New York Mayor Michael Bloomberg, asked yesterday if the trial raises securities issues, said it doesn’t.
“If you are in a federal court here in New York, you go from the holding pen to the courtroom underground,” he said during his weekly radio appearance on WOR.
The decision belongs to federal officials, Bloomberg said, and the city can “provide them with any services they need.”
Bloomberg is founder and majority owner of Bloomberg News parent Bloomberg LP.
The decision to charge and prosecute Abu Ghayth in a federal court in New York may reflect prosecutors’ belief that they have sufficient evidence to imprison him for life without needing to rely on classified intelligence, said Michael M. Rosensaft, an ex-federal prosecutor at Katten Muchin Rosenmann LLP, a New York law firm.
The Manhattan U.S. Attorney’s Office and the FBI in New York have been at the forefront of prosecutions of terrorists and al-Qaeda.
Charged in 1998
Bin Laden was first charged secretly in 1998 by prosecutors working for Mary Jo White, the U.S. attorney in Manhattan. The case was unsealed after the almost simultaneous bombings of the U.S. embassies in East Africa in August 1998.
The Manhattan federal courthouse has been the site of several high-profile terrorism trials. They include a group of men charged in the 1993 World Trade Center bombing, two trials for Ramzi Yousef and the 2001 trial of four followers of bin Laden convicted in the embassy bombings case.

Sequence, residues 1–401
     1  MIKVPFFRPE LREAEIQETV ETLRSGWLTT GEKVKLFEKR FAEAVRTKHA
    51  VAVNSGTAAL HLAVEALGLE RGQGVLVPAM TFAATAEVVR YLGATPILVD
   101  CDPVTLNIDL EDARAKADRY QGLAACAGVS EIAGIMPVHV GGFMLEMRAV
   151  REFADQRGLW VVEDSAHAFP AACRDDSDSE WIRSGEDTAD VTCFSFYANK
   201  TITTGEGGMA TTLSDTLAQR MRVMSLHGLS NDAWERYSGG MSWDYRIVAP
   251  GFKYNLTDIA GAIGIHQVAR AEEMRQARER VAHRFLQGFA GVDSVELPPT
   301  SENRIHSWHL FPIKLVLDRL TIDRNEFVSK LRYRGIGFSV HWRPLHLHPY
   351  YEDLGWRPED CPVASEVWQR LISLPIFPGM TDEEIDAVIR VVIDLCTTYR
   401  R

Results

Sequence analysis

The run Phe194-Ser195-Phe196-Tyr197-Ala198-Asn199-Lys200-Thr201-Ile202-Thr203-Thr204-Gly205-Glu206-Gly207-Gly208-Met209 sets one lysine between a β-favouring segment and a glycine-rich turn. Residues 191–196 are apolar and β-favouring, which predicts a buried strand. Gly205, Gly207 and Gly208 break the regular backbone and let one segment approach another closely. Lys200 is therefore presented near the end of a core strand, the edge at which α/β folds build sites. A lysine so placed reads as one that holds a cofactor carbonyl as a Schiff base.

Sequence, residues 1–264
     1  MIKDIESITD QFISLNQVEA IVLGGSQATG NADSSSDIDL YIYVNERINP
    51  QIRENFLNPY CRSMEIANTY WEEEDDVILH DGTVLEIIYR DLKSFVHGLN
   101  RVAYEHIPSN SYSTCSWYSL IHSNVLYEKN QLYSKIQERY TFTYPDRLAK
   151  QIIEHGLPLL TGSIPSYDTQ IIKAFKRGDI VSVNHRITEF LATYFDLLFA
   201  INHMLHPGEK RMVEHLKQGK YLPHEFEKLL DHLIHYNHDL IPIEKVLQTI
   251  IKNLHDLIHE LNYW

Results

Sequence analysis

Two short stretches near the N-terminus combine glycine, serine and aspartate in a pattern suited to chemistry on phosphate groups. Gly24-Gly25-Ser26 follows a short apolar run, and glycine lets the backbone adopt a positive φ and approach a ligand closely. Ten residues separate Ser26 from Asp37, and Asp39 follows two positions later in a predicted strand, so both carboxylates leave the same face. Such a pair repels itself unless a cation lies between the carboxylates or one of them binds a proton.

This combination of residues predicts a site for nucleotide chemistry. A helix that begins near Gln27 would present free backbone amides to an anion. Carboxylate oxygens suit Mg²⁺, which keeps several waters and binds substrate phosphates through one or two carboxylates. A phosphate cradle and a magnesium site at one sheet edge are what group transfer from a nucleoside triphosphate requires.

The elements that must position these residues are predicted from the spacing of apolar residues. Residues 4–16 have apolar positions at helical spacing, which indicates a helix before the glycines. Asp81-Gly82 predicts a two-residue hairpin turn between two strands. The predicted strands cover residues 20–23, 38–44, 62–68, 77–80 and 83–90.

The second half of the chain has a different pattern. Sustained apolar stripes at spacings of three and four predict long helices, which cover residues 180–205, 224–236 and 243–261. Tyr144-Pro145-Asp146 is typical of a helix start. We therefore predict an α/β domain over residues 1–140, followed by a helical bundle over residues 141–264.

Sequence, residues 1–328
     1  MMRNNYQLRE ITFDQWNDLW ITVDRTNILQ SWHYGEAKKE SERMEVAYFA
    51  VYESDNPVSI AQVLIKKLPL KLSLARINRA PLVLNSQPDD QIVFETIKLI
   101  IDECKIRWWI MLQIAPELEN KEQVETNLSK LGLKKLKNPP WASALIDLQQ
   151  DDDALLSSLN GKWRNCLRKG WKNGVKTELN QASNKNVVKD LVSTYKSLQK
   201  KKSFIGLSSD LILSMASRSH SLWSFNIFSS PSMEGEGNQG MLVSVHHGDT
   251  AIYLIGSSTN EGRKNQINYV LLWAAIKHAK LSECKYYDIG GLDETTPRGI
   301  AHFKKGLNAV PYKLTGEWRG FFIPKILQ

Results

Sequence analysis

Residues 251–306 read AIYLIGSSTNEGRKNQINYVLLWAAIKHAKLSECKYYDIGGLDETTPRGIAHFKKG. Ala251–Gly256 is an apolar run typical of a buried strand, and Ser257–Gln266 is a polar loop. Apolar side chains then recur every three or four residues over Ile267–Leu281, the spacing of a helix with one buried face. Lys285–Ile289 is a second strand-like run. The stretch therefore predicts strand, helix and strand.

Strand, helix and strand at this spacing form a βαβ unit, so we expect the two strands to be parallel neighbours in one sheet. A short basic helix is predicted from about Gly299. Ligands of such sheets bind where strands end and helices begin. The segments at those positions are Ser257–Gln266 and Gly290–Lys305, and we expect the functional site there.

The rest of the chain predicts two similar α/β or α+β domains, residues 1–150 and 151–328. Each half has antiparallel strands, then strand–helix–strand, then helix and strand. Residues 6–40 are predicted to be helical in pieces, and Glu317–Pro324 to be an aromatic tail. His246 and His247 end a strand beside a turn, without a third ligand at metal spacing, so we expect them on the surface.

Abu Hamza al-Masri, an Islamic cleric accused of aiding al- Qaeda, is to stand trial next year before U.S. District Judge Katherine Forrest.
Khalid al-Fawwaz, a Saudi national, and Adel Abdel Bary, of Egypt, are to be tried in October before Kaplan. They are charged with participating with bin Laden in a global plot to attack U.S. nationals and facilities.
Plans for a Manhattan trial announced by the Obama administration in 2009 for Khalid Sheikh Mohammed, the accused mastermind of the Sept. 11 attacks, were dropped following opposition from members of Congress led by McConnell.
The case is U.S. v. Abu Ghayth, 98-cr-01023, U.S. District Court, Southern District of New York (Manhattan).
To contact the editor responsible for this story: Michael Hytha at firstname.lastname@example.org.